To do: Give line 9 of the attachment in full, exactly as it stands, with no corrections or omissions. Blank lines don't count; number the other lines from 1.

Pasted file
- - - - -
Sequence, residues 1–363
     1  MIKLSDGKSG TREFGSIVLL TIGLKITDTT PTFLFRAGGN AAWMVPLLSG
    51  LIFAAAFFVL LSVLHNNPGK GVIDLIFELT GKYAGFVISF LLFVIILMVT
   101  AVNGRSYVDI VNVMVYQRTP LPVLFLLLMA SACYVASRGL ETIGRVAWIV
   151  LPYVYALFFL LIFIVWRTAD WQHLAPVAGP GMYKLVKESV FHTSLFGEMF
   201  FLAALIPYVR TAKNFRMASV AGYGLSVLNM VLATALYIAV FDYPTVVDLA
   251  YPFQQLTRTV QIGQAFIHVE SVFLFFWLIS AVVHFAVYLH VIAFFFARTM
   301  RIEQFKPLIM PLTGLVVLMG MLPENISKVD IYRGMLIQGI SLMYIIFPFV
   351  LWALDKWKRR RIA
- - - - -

   351  LWALDKWKRR RIA